why would a newborn have low blood sugar

What is hypoglycemia in the newborn? Hypoglycemia is a condition in which the amount of blood glucose (sugar) in the blood is lower than normal (under 50 mg/dL). Who is affected by hypoglycemia in the newborn? Babies born to diabetic mothers may develop hypoglycemia after delivery when the source of glucose (via the umbilical cord) is gone and the baby's insulin production metabolizes the existing glucose. Small for gestational age or growth-restricted babies may have too few glycogen stores. Premature babies, especially those with low birthweights, who often have limited glycogen stores (sugar stored in the liver) or an immature liver function. Babies born under significant stress. Babies who experience temperature instability (for instance, get cold) or when mothers were treated with certain drugs (for instance,Pterbutaline)
Babies who are large for their gestational age. This is associated with gestational diabetes, but also with forms of congenital hyperinsulinism What causes hypoglycemia in the newborn? Lower the amount of glucose in the bloodstream. Prevent or lessen storage of glucose. Use up glycogen stores (sugar stored in the liver). Inhibit the use of glucose by the body. Many different conditions may be associated with hypoglycemia in the newborn, including the following: Why is hypoglycemia in the newborn a concern? The brain depends on blood glucose as its main source of fuel. Too little glucose can impair the brain's ability to function. Severe or prolonged hypoglycemia may result in seizures and serious brain injury.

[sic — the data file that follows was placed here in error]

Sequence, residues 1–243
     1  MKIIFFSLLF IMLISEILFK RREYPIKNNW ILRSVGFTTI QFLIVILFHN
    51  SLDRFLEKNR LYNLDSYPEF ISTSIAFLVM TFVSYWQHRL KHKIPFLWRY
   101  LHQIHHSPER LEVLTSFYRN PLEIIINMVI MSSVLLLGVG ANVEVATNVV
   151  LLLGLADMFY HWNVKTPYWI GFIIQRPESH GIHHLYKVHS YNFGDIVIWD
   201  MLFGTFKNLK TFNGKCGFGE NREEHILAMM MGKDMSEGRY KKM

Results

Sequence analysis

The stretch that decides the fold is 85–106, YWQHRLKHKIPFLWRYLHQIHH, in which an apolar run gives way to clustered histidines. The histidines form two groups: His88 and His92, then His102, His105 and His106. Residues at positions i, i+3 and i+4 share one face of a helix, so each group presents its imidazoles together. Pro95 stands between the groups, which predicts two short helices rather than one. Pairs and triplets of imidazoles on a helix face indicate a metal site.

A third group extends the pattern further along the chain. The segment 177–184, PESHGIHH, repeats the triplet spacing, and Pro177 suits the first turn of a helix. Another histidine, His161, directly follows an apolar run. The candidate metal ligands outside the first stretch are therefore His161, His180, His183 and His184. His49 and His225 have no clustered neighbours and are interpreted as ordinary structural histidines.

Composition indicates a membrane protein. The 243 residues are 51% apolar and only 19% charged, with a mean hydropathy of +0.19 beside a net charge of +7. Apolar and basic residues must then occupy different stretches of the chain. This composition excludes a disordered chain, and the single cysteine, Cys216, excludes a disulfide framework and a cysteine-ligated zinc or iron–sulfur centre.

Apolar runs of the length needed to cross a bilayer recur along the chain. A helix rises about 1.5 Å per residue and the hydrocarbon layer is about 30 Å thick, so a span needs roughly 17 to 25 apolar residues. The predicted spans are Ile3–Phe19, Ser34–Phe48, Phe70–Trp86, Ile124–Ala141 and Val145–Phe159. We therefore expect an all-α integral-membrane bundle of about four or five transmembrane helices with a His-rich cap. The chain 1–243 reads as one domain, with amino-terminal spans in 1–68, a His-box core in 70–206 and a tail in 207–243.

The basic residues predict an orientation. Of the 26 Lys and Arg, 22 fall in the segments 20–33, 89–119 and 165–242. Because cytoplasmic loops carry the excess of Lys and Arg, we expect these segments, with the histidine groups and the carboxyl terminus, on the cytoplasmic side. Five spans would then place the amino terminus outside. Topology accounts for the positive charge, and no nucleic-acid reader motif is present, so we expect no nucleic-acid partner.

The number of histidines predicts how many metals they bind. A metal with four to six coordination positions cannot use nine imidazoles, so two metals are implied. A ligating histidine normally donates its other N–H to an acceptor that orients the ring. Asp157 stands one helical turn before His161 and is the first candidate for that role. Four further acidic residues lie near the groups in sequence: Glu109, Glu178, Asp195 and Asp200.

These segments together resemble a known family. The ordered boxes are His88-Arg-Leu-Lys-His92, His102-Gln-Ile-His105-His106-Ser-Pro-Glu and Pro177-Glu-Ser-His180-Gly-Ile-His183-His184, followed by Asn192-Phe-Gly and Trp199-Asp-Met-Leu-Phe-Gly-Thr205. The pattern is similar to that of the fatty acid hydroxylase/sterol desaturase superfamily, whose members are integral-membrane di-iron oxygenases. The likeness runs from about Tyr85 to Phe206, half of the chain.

What are the symptoms of hypoglycemia in the newborn? Symptoms of hypoglycemia may not be obvious in newborn babies. The following are the most common symptoms of hypoglycemia. However, each baby may experience symptoms differently. Symptoms may include: The symptoms of hypoglycemia may resemble other conditions or medical problems. Always consult your baby'sPdoctor for a diagnosis. How is hypoglycemia in the newborn diagnosed? A simple blood test for blood glucose levels can diagnose hypoglycemia. Generally, a baby with low blood glucose levels will need treatment. What is the treatment for hypoglycemia in the newborn? Your baby's gestational age, overall health, and medical history Your baby's tolerance for specific medications, procedures, or therapies Treatment includes giving the baby a rapid-acting source of glucose. This may be as simple as giving a glucose and water mixture or formula as an early feeding. Or, the baby may need glucose given intravenously. The baby's blood glucose levels are closely monitored after treatment to see if the hypoglycemia occurs again. Can hypoglycemia in the newborn be prevented? There may not be any way to prevent hypoglycemia, only to watch carefully for the symptoms and treat as soon as possible. Mothers with diabetes can help minimize the amount of glucose that stresses the fetus by tightlyPcontrolling their blood glucose levels to maintain them in a normal range. Low blood sugar, or hypoglycemia, is the most common metabolic problem in newborns. Numerous maternal and newborn conditions, from mild to life threatening, can cause hypoglycemia by affecting a babyвs ability to maintain a stable blood sugar level.